Below are some commonly asked questions we hear all the time at our Community Vet Clinic. If you can’t find the answer you are looking for please give the vet clinic closest to you a call.
GOLD COAST: 07 5594 0111
IPSWICH: 07 3812 7533
When should my pet be vaccinated and for what?
To safeguard your pet from potentially serious and sometimes fatal diseases your puppy needs to be vaccinated (inoculated). Our vaccines protect against several diseases including Canine Parvovirus, Canine Distemper, Canine Hepatitis and Canine Parainfluenza Virus and Bordetella (Kennel Cough). Puppy vaccinations can commence as young as 6 weeks of age. If your puppy is older we are able to commence a vaccination schedule anytime during puppy hood. However, so your puppy can safely socialize with other dogs and go for walks outside we aim to achieve full immunity by 12 weeks of age.
To maintain immunity, adult dogs require an annual vaccination booster. You will receive a reminder when your dogs’ yearly vaccination is due.
Basic vaccines include distemper (respiratory and gastrointestinal tracts), adenovirus (liver), leptospirosis (kidneys), parainfluenza (respiratory tract) and parvovirus (intestinal tract).
Once either of the above series is complete, the basic vaccines should be boostered in 12 months and then every 2-3 years.
Our vaccines protect against several diseases including Feline Enteritis, Feline Rhinotracheitis and Feline Calcivirus.
Kitten vaccinations can commence as young as 6 weeks of age. If your kitten is older we are able to commence a vaccination schedule anytime during kitten hood. However, so your kitten is protected we aim to achieve full immunity by 12 weeks of age.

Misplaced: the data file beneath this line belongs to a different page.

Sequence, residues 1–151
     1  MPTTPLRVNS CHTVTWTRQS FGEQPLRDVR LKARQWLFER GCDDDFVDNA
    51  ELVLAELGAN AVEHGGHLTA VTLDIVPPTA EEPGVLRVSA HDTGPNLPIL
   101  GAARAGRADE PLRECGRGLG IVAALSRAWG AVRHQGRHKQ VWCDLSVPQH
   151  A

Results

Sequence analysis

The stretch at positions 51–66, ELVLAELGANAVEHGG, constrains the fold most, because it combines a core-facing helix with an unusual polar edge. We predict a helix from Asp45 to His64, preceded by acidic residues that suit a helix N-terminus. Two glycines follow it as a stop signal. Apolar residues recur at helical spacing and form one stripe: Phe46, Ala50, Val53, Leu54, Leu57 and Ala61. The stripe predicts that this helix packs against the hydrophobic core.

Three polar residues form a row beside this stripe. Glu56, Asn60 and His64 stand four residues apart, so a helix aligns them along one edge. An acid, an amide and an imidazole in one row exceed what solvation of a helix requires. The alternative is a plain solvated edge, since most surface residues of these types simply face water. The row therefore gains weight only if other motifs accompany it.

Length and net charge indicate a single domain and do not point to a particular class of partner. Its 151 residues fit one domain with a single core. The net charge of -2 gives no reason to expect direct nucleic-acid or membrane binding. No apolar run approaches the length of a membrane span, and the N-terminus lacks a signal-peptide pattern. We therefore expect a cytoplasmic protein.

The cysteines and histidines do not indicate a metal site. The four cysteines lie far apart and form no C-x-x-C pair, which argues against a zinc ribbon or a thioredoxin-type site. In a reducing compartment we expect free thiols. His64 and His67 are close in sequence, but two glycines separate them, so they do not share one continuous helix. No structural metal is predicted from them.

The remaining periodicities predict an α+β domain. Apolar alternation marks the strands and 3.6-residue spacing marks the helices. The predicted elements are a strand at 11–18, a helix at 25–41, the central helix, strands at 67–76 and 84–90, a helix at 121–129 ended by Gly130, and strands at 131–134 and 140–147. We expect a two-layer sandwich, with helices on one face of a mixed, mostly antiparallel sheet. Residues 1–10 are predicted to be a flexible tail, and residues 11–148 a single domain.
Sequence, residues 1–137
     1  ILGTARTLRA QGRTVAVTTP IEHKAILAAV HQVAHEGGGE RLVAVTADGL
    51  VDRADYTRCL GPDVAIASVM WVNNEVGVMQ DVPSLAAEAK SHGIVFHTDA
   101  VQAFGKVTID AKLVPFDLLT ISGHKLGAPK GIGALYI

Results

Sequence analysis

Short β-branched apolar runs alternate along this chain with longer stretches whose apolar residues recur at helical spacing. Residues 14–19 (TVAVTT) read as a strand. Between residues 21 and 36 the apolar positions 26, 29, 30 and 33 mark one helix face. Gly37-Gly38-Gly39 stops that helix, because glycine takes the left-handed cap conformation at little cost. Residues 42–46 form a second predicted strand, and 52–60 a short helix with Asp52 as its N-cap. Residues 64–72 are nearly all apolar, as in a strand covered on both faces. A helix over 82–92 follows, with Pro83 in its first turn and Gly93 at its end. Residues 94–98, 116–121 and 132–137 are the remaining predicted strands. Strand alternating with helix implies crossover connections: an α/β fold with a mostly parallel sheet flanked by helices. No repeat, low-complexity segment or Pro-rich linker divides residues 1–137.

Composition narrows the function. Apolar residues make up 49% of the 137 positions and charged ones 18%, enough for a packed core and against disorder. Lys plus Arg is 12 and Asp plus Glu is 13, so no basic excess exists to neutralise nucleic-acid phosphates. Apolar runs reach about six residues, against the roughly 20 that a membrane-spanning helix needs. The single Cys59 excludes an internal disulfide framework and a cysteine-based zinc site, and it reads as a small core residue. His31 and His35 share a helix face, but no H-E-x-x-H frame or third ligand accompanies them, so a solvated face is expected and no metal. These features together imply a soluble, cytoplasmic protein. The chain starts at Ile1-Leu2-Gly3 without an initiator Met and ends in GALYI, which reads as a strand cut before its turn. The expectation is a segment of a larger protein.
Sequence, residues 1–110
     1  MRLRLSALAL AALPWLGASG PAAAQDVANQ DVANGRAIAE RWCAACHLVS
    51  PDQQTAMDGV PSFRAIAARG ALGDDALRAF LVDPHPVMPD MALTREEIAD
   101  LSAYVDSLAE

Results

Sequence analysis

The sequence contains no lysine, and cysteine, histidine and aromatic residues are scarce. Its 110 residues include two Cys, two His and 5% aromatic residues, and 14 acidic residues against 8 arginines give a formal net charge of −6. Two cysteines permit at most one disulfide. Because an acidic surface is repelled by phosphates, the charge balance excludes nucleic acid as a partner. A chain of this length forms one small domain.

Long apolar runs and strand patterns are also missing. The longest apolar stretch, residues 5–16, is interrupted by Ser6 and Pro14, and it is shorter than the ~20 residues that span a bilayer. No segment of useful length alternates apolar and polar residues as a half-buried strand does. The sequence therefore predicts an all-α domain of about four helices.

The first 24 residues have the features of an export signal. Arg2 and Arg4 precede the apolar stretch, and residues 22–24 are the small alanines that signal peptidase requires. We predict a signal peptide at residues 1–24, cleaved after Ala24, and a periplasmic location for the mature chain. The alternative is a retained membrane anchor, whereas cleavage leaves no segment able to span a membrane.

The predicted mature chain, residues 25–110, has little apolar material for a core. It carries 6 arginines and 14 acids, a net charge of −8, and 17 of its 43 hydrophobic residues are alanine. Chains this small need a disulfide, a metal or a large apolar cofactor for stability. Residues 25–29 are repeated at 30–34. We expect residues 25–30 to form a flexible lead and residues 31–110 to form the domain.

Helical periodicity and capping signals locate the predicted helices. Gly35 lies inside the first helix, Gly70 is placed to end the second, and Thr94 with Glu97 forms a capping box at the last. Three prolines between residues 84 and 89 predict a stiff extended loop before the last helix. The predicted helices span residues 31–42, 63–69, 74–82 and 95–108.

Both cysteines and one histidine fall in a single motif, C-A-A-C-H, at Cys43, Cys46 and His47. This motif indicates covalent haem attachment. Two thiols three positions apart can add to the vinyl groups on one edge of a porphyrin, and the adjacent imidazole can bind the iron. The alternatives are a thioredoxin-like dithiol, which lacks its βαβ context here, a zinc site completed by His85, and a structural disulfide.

To maintain immunity, adult cats require an annual vaccination booster. You will receive a reminder when your cats’ yearly vaccination is due.
Recommended Vaccination Schedule
- 06 to 08 weeks F3/F4 Vaccine
- 12 to 14 weeks F3/F4 Vaccine
- 16 to 18 weeks F3/F4 Vaccine
Why should I desex my dog?
There are many benefits to desexing your puppy early including:
- Health-wise, desexing between two and four months of age before their first heat reduces the risk of testicular cancer and prostate diseases in males, and ovarian cysts and tumours, acute uterine infections and mammary cancer.
- Dogs desexed before their first heat recover more quickly from the surgery than adult animals. Early desexing prevents the extra veterinary costs to desex female dogs if they are pregnant or in season, and prevents any risk of unplanned litters.
- A dog is more likely to have a long, happy and healthy life, if desexed. Our companion dogs no longer live in the wild. They need to fit in to an increasingly urbanised society. Desexed dogs will not be as frustrated, wanting to roam to mate. This reduces risks of death or injury on roads or in a dog fight. They can still help protect your property by alerting people with their barking but are less likely to have to be seized or declared dangerous through aggressive behaviour.
Some people worry that their dog will put on weight if desexed. Too much food and not enough exercise are the causes of obesity, not desexing.
My cat pees on everywhere except the kitty litter, how can I stop it?
Figuring out why your cat urinates in odd places can sometimes be a little tricky. Illness, stress and physical problems using the litter box can all cause inappropriate urination. However once you find out the cause of the problem it usually isn’t too hard to correct.
The most important thing to remember is, whenever there is a sudden change in your cats behaviour you should seek medical advice as soon as possible. Urinary Tract Infections (UTI) are common and can be very painful. If your cat has been given a clean bill of health, you should check the following things.